Cain Denture Centers Hillsboro Oregon Logo
Denture News & Information

9 Signs Your Denture Needs Replacing

old couple smiling

You invested in your health, happiness, and looks when you decided to have dentures. Maintaining and caring for this financial and deeply personal investment is common sense. But since nothing lasts indefinitely, how can you tell when it’s time to get a new set of dentures? In this blog post, you will learn the top 9 signs that your denture needs to be replaced.

Although even your denture is made of solid materials, it will eventually wear down from constant use, just like natural teeth. It’s also crucial to understand that the mouth is a dynamic habitat. Changes to your gums and jaw might impact the lifespan and appearance of your denture. After removing natural teeth, some oral tissue shrinking needs regular adjustments to your fake teeth.

After reading this article, you will know when to consider new dentures. The following signs point to the need for adjustments. As your smile is one of your most desirable possessions, frequent denture check-ups with your dentist are crucial to maintaining and extending the life and health of this asset.

  1. The age of your denture

If there are no major accidents or mishaps, you may generally anticipate your denture to last 5 to 6 years. Getting the most out of your denture is simple if you properly care for it. This entails regular check-ups between appointments and routine self-examinations with your dental prosthetics.

  1. Loose and ill-fitting dentures

When a denture no longer fits as well as it once did, that is a classic sign that a new one is needed. You may be using denture adhesive when you previously didn’t need to. Or perhaps your loose denture makes you stutter or lisp as it flops around in your mouth. See your dental prosthetics if you notice any changes in your speaking habits. It may only take a slight adjustment to fix the issue, but it could also indicate that a new denture is necessary.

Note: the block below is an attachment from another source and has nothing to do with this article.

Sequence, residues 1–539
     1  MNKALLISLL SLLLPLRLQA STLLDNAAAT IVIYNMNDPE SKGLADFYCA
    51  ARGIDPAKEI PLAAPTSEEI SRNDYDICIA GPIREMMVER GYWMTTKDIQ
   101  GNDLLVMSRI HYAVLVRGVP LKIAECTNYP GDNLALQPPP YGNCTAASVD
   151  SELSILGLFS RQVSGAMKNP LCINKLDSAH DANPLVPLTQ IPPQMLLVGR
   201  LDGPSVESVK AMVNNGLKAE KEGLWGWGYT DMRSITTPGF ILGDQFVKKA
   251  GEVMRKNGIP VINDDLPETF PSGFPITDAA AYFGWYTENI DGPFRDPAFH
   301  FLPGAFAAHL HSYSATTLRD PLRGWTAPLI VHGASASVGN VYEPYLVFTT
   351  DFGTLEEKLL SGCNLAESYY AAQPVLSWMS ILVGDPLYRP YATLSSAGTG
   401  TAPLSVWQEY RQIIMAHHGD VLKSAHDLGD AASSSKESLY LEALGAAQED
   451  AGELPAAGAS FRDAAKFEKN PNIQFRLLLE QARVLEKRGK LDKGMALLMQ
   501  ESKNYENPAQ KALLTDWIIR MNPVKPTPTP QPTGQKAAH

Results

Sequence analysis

A new denture may also be required if your face shape changes, such as your cheekbones or jawline looking different. A “denture reline,” or thin coating, is put to the denture’s interior as part of routine maintenance to ensure a secure fit. You know it’s time to get a new denture when your old one can no longer be relined (up to three times), so you know it’s time.

  1. Damage to your denture

Your denture may be approaching the end of its useful life if it has cracked or chipped teeth or hairline cracks. In the same way, your denture needs to be fixed or replaced if the metal or acrylic resin parts are bent or distorted. The materials used to make dentures deteriorate and grow brittle over time, weakening them and causing them to lose their aesthetic appeal. As a result, they are more vulnerable to biting and chewing pressure and are more likely to break when dropped.

When the integrity of the denture has been damaged, a full replacement is usually required in cases of severe fractures, multiple repairs, or shattered dentures.

This form of degradation can result in losing your denture’s retention, stability, support, potential chronic tissue irritation/inflammation, and plaque adherence. Even worse, you’ll lose your appearance. I

  1. The wearing down of denture teeth

It’s time to get a new denture when the teeth on your old one start to fall out. Acrylic resin teeth are less strong than porcelain teeth, which are more expensive and durable. Worn teeth can change the vertical distance or gap between the upper and lower jaws when they are closed. This can cause the structure and shape of the face to change in the wrong way. The adverse effects of this include “joint and muscle pain, the tension in functional speech, difficulty swallowing, impaired chewing, tooth sensitivity due to traumatogenic forces, pathologic bone resorption, abnormal wearing of teeth, the appearance of an elongated face, and a facial expression of fatigue.”